This measure was the more prudent on their part, as general Lincoln, to whom Congress had intrusted the command of all the troops in the southern provinces, was already arrived, and had encamped at Black Swamp, on the left bank of the Savannah, at no great distance from Augusta. This general, born in Massachusetts, having distinguished himself in the campaigns of the north, had been proposed to the Congress by the Carolinians themselves, on their first receiving intelligence of the projects of the enemy against the southern provinces. The Congress had yielded the more readily to their recommendation, as they had themselves a high opinion of the talents of general Lincoln, and were not ignorant how essential it is to the success of operations, that soldiers should have perfect confidence in their chiefs. The president, Lowndes, employed all the means in his power to inflame the ardor of the inhabitants of South Carolina, and to excite them to take arms in defence of country. In private, as well as in public, he addressed them the most stimulating exhortations; he directed that all the cattle of the islands and towns situated upon the coast, should be withdrawn into the interior of the country. The militia assembled and joined the continental troops. The same zeal for the public cause broke forth at the approach of danger in North Carolina; in a few days, two thousand of its militia were imbodied under the generals Ashe and Rutherford. If this corps could have been furnished with arms as promptly as the conjuncture required, it would have made its junction in time with that of general Howe, and perhaps might have decided in his favor the fortune of the day of Savannah. The enthusiasm of the Carolinian patriots was then at its height; every day added to the strength of their army. They had indeed great efforts to make. Washington was far from them, and before succours could arrive, they were exposed to the most fatal reverses. Moreover, the commander-in-chief was himself much occupied with the guard of the passes of the mountains, and his forces were continually mined by a pest which was still but impersectly remedied; the shortness of engagements. It was not to be expected then, that he should strip himself in order to reenforce the army of the south; yet more, the same intestine disease which enfeebled the army of Washington, was also the cause that little reliance could be placed in that of Lincoln, although it was already combined with the relics of the corps of Robert Howe. With the exception of six hundred continental troops, the rest were militia, little accustomed to war, and bound only to a few months of service. General Lincoln, however, not in the least discouraged, found resources even in his own ardor. In order at first to show himself to the enemy, he had repaired to Black Swamp, on the north side of the Savannah. This movement, together with the recent discomfiture of the loyalists, had induced the British general to retire down the river, leaving, however, an advanced post at Hudson's Ferry. But Lincoln extended his views farther ; he purposed to restrict the enemy still more, and to press him close upon the coast, in order to deprive him of the resources he would find in those fertile countries, and to put an end to the intercourse, whether open or secret, which he kept up with the loyalists of the upper parts. He accordingly, ordered general Ashe to leave his baggage behind, and passing the Savannah, to take post on a little river called Briar Creek. This order was executed with diligence, and the camp seated in a very strong position. It was covered in front by the creek, which for several miles above was too deep to be sorded ; on the left by the Savannah and a deep morass; the right was secured by a corps of cavalry. General Ashe had with him about two thousand men.

Notwithstanding the strength of his encampment, the English resolved to attack him. Colonel Prevost, who was posted at Hudson's Ferry, set out on this expedition. Having divided his force in two columns, he advanced the right, with two pieces of cannon, towards Briar Creek, with an apparent view of intending to pass it, in order to take up the attention of the republicans. The left, consisting of nine hundred men, among which were grenadiers, light infantry and horse, he led himself a circuitous march of about fifty miles, in order to cross Briar Creek, and thereby turning the right, to fall unexpectedly upon the rear of the enemy. At the same time, general Prevost made such dispositions and movements on the borders of the river, between Savannah and Ebenezer, as were likely to divert general Lincoln from thinking of Ashe. This general, who, in such a proximity of the enemy, should have redoubled his watchfulness, instead of having the country scoured by his cavalry, had detached it upon some distant and unprofitable expedition. The English, therefore, arrived so unexpectedly, though in open daylight, that the Americans received the first notice of danger srom the havoc which the assailants made in their camp. The militia were panic struck, and fled without firing a shot. But many of them encountered in flight that death which they might have avoided by a gallant resistance. Their cowardice did not shield them ; the deep marsh and the river, which should have afforded security, became now the instruments of their destruction. Blinded by their flight and terror, they were swallowed up in the one, or drowned in the other. The regular troops of Georgia and the Carolinas, commanded and animated by general Elbert, made a brave resistance; but, abandoned by the militia, and overwhelmed by number, they were also compelled to retreat. This rout of Briar Creek, took place the third of March. The Americans lost seven pieces of cannon, all their arms and ammunition, with not a few killed and prisoners. The number of the drowned and wounded is not known; but it appears that more perished in the water than by wounds. Of all the corps of general Ashe, scarcely four hundred soldiers rejoined general Lincoln, who, in consequence of this disaster, found his forces diminished more than a fourth part. This victory rendered the royal troops again masters of all Georgia. It opened them communications with the loyalists in the back parts of this province and the two Carolinas. Those who were not yet recovered of the terror inspired by their recent defeat, took fresh courage; there was nothing now to prevent their going to reenforce the royal army.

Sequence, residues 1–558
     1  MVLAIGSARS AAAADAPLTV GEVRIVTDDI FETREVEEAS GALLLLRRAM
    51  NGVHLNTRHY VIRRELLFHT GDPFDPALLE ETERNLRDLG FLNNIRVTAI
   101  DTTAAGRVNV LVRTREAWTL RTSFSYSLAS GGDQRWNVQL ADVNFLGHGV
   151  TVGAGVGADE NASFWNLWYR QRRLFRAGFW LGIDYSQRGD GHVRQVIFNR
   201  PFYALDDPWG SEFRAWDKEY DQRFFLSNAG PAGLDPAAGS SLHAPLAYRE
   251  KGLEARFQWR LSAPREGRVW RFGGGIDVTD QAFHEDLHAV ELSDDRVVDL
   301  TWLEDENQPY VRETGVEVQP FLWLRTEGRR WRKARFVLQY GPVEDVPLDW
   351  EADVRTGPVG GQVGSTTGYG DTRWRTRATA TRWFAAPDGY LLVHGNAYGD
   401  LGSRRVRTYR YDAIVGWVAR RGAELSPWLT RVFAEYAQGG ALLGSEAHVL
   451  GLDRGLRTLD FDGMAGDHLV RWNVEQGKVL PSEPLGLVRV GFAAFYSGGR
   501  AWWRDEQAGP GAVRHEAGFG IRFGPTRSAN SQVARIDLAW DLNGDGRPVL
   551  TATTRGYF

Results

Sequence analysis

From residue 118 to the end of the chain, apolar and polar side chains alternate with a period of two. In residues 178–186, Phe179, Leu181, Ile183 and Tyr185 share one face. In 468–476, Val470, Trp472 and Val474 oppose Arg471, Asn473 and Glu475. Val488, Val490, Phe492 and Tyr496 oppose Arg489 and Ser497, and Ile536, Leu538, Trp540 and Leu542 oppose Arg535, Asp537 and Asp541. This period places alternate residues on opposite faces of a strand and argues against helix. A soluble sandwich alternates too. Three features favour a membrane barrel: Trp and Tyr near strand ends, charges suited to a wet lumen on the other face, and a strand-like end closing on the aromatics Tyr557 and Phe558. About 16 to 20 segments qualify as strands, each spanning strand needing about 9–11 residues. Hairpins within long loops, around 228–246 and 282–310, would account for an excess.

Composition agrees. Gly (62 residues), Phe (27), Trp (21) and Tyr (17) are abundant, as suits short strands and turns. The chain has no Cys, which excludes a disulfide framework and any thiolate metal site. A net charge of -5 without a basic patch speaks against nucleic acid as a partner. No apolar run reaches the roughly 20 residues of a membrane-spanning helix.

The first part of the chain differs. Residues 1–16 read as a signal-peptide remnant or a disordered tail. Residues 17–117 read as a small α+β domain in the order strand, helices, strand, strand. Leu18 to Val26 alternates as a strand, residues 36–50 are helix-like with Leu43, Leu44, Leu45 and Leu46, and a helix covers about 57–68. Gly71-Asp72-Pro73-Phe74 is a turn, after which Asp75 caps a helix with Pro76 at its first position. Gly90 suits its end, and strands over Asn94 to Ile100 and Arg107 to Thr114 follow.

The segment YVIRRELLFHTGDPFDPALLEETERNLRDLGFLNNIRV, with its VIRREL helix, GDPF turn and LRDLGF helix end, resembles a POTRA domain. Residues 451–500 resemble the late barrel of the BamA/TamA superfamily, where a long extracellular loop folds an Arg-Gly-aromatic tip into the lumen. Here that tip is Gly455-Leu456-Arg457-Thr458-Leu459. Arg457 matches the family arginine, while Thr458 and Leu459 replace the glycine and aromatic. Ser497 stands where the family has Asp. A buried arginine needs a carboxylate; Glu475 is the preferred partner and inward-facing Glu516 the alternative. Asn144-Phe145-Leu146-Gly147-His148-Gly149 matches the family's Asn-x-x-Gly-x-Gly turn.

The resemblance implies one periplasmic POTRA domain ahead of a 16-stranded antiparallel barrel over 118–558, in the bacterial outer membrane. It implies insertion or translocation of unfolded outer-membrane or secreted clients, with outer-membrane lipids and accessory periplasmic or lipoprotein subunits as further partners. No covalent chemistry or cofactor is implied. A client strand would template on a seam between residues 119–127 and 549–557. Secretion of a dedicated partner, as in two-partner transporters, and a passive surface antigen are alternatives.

The Carolinians, though deeply affected at so severe a check, were not, however, disheartened; and, in order to prevent the victorious enemy from overrunning their fertile territory, they made every exertion to assemble their militia, and to reanimate their ardor. Rigorous penalties were decreed against those who should refuse to march when called out, or to obey their commanders; high bounties were promised; regiments of horse were organised; the officers were chosen among the most leading men of the country. John Rutledge, a man of extensive influence, was elected governor of the province, and empowered to do whatever he should judge necessary to the public welfare. Animated by the love of country, and stimulated by the prospect of those evils which would be their portion if the English should gain possession of the province, the republicans displayed so much zeal and activity in their preparations for defence, that by the middle of April, general Lincoln found himself at the head of more than five thousand fighting men. While these preparations were in process in the Carolinas, general Prevost busied himself in Georgia, in reorganising all those parts of the service which had suffered by the war. He established an internal administration in the province, and strenuously urged the loyalists to rally around him. He did not immediately attempt to cross the Savannah, because it was extremely swoln by the rains; and, besides, he had not a sufficient force to attack lower Carolina, where there were none but patriots; and general Lincoln, notwithstanding the rout of Briar Creek, still maintained his position on the left bank, ready to oppose him, if he inclined to pass. Not, however, that the American general was in a condition to act offensively before he was reenforced; he might even have deemed himself extremely fortunate in not being attacked. But as soon as he found his sorce augmented, as we have just seen, he made a movement which provoked another of extreme importance on the part of his adversary. He marched, about the beginning of May, towards Augusta, whether to protect an assembly of the deputies of the province, which was to convene in that town, or for the purpose of taking a strong position in upper Georgia, in order to watch over the interests of the confederation in that part, and to interrupt the transmission of provisions and recruits which the loyalists furnished to the British. He was already arrived in Georgia, and all his measures were taken for the execution of his design. He had left general Moultrie, with fifteen hundred men, in front of general Prevost, in order to dispute his passage across the Savannah. He considered this corps the more sufficient for the defence of the left bank and the approaches of Charleston, the capital of South Carolina, inasmuch as the breadth of the river, the marshes which border it on the north side, and the numerous creeks which intersect that province, appeared to him obstacles capable by themselves of arresting the enemy. But general Prevost saw his position in a different light. His army was increased by the junction of the loyalists. He hoped that his presence in Carolina would excite some movements there; he wanted provisions, which he was sure of finding in abundance in that province; and lastly, he calculated that the effect of his invasion would